And probably still does, since the scaffolding seems to be a permanent part of New York streets now, adding to the ugliness and sense of decay.

As for the Barbizon:

Note the spare decorations. I'll combine them and correct the perspective for you:

Wikipedia: “The hotel was designed to appeal to artists and musicians.” Hence its foreclosure in 1933, I suspect. Trump bought it in 1981 and turned it into condos, which sparked a legal battle with the rent-controlled residents. According to Wikipedia, in 2015 there were people living in rent controlled apartments who had a Central Park view and paid under a $1000 a month.

Among the residents:

Suzanne Kaaren (March 21, 1912 – August 27, 2004) was an American B-movie actress and dancer who starred in stock film genres of the 1930s and 1940s: horror films, westerns, comedies, and romances.

Kaaren figured prominently in several Three Stooges comedy short films. They are Disorder in the Court, Yes, We Have No Bonanza, and What's the Matador?

Her wikipedia bio links to her obit, which says “Actress defied Donald Trump,” as if she personally laid down in front of the renovators. She was part of the group that refused to move when the building was purchased. Her rent, in the 80s, was $203 a month. Which was pretty sweet.

The obit says that Trump wanted to demolish the building, the original 1917 structure and the Barbican, and build a luxury tower and shopping arcade. Given the year, we’re glad he didn’t. It probably would have been glass. Then again, he had proposed a 150-story tower in 1985, and Helmut Jahn was attached to the project. It was straight out of Metropolis.

Anyway. The newspaper that discusses the attempts to move out the old tenants . . . .

. . . also has a story about the conviction of the United Freedom Front terrorists, a left-wing group that had been accused of bombings, bank robberies, and murder. Howard Zinn and William Kunstler came to their defense, of course.

While they were nice enough to warn people ahead of times about the bombs, “22 people were injured in one 1976 bombing at the Suffolk County Courthouse in Boston, including a courthouse worker who lost a leg. The group was most active in the early 1980s. The UFF's members lived undercover in middle-class suburbs."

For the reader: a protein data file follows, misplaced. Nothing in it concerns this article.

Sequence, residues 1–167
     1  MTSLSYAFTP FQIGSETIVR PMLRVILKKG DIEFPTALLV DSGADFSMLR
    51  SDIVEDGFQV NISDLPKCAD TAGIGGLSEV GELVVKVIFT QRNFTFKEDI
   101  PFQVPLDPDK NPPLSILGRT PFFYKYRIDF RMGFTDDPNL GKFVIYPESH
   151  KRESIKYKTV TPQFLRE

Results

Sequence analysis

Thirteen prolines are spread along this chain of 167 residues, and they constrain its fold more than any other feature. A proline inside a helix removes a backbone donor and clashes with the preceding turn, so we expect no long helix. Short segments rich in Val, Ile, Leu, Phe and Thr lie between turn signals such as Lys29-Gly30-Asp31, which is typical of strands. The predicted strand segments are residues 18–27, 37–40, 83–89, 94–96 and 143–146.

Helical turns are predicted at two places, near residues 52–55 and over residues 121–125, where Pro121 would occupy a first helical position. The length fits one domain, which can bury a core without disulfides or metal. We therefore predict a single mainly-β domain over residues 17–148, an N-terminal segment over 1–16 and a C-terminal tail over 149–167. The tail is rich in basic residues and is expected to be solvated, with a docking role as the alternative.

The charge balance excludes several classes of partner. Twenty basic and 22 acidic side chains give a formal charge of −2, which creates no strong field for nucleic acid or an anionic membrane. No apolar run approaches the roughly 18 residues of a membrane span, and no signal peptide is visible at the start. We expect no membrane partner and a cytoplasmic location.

Because of course. The prosecution was led by . . . Robert Mueller.

As good a place as any to climb out of the rabbit hole.








Over eighty thousand souls. The downtown doesn't seem to reflect that.

Named for the boulders in the area. It was in the running once for state capitol, but when the votes were totaled, it came in last. Now it spends its day sending back mail intended for Colorado.

Post offices were always emissaries of styles, miniaturized. The 60s brought the skyscraper International style in tiny form. Here we have the 70s and 80s stripped-down Federal non-essence.

Elephant-man fake rock and a Buckaroo Revival awning: well done everyone

Garage or service station? Both, of course. But what’s the brand?

I’m not sure it had one. The style seems homemade.

Is this going to be one of those towns that’s absolutely starved for good architecture?

Of, for that matter, any architecture at all?

Cinder-block construction. I wonder if those chairs were repurposed from the inside - something about them says 60s AMF furniture.

Nice photobomb from the plant.

Bowling alley, so yes, this makes sense.


Not even the motel has any style.

Doesn’t even look like a motel.

Finally, something old and big.

Helpful arrows; not at all confusing

Permanent painted dates for the fair?

“Free Enterprise Health Mine” has a website.

Yeah, about that health part. Radium?

Better. I mean, it’s old and busted, but the 30s rehab is classic.

I bet they never thought it would be called “Classic” one day.

“Nope, turns out folks ‘round these parts ain’t willin’ to go up two steps to shop.”

"Let alone three."

Now it’s a uranium mine.

They love their arrow signs in Boulder.

Did the streets sink?

Faded murals don’t do a town any favors.

Is Sig’s still open? Can one, in fact, still get a swig?

A previous visit of the Google Car answers our question about Sig’s.

PK's or SIG'S, the signs are gone now.

Main Street’s full array. Most of the buildings are too dull to consider individually, if I can judge from my selections in this folder.

What the First Choice in Montana was, well . . .

Some know. But they’re not here to tell us.


That'll do! Back to Google Main Streets now.